“They've opened doors for us and we're very grateful to this town,” he said. “We're not here to be a burden. We are not asking for you to give us anything. We're just asking for a job so we can work and be productive to the community.”

Alvarado made the difficult decision earlier this year to leave his home and family in Venezuela and make the long journey to the U.S. due to political violence and economic insecurity.

“They sent us from El Paso, Texas but then they gave us 12 days at the shelter in Denver and kicked us out,” he said. “When we came here we were sleeping in our cars around the bridge, it was not easy — the cold, it was really bad.”

Eleanor Bennett
Aspen Public Radio
Over two dozen nonprofit and social service leaders attend an emergency response meeting organized by Colorado state Rep. Elizabeth Velasco and Voces Unidas at the Third Street Center in Carbondale on Nov. 7, 2023. Velasco, Voces Unidas and others are calling on local governments and nonprofits to help coordinate a more cohesive regional effort when it comes to providing services like food and shelter to new arrivals.

Current emergency response not sustainable

About two weeks ago, Colorado state Rep. Elizabeth Velasco and Voces Unidas helped organize meetings between social service nonprofits, the town of Carbondale, and several of the new arrivals.

Since then, individual community members, government leaders, nonprofits, churches, and schools have stepped up to provide shelter, hot meals, warm clothing and medical support and get school-age children enrolled in classes.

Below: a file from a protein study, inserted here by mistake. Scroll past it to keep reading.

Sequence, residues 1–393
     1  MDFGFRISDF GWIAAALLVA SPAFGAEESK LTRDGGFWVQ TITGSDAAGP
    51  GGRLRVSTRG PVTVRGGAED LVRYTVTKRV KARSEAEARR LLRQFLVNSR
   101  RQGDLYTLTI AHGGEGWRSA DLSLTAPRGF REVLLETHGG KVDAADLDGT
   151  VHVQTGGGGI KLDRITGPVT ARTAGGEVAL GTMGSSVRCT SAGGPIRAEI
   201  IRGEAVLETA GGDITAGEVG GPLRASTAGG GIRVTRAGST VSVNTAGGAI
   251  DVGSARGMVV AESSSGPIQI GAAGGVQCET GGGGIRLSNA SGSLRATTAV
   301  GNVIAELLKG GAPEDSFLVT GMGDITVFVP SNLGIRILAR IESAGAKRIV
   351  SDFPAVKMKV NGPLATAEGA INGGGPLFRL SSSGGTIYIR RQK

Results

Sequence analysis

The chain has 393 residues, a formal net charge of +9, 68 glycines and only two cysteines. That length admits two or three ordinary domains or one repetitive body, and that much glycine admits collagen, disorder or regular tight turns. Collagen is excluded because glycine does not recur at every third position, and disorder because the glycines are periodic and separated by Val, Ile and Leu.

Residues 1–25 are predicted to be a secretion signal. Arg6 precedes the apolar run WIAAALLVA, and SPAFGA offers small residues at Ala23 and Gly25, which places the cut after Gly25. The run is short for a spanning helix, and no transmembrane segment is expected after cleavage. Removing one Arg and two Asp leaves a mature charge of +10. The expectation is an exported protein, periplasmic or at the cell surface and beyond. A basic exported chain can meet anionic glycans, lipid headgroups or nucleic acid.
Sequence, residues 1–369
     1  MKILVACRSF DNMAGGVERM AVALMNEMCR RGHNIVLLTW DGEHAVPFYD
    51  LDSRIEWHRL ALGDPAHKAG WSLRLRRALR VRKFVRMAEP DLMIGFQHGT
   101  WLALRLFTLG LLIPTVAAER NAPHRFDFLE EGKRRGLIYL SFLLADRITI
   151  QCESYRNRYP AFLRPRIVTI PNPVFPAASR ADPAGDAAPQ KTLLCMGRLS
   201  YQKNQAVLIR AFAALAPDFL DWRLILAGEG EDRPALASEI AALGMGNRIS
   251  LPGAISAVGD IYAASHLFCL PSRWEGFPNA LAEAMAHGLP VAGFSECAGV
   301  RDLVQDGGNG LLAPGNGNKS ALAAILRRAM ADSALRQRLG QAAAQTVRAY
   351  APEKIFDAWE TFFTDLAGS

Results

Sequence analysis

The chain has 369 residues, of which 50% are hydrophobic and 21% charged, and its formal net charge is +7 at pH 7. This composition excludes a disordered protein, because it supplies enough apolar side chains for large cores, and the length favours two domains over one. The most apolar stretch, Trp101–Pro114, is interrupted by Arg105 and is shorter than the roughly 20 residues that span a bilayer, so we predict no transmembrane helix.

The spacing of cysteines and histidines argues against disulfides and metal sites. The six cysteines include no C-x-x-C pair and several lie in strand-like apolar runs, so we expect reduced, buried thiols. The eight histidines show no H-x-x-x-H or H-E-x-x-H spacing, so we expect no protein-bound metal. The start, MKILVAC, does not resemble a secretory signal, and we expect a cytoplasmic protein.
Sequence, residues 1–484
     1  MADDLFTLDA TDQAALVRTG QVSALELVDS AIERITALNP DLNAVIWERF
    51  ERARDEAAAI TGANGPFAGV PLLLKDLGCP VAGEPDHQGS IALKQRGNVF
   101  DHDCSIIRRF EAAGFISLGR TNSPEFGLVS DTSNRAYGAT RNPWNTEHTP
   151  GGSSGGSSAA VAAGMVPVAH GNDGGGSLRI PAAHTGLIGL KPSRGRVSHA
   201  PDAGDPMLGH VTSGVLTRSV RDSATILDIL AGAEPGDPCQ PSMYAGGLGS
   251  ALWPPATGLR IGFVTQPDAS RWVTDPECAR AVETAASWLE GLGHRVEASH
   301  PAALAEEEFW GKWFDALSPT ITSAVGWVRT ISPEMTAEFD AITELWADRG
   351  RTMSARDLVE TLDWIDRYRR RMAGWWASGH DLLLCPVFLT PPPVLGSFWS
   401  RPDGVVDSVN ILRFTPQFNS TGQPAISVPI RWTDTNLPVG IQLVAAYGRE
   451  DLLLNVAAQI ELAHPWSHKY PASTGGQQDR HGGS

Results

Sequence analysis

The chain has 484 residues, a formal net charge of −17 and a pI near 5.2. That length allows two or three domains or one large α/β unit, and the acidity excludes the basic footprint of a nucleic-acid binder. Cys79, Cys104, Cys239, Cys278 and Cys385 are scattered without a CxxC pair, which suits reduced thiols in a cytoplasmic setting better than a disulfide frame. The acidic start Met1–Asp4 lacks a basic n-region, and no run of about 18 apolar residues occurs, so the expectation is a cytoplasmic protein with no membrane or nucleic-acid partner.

“It's been overwhelming the amount of support that we have received from individuals, but my call is for the ecosystem,” Sánchez said. “We have a rich ecosystem of nonprofits from Aspen to Vail and lots of organizations are experts in some of these areas.”

The advocacy group hired a temporary project manager to help with immediate needs such as food and housing. It has also set up an emergency fund to support coordination efforts and provide City Market gift cards.

But without a regional coalition or clear leadership system in place, Sánchez said the current emergency response is not sustainable.

“Who's in charge? It cannot be Voces Unidas or the Third Street Center,” he said. “We need governments to come together to step up and do the coordination. And we need the nonprofits that receive funding for food, for housing, for vouchers, for homelessness to be able to do the direct services.”

LIFT-UP, a nonprofit that provides food insecurity services from Parachute to Aspen, has delivered non-perishable food to the emergency shelter twice a week and plans to provide a Thanksgiving meal for the group, but Executive Director Ivan Jackson said they don’t have capacity to do much more than that.

“We are not just dealing with a hundred refugees — we've served over a 100,000 people this year,” he said.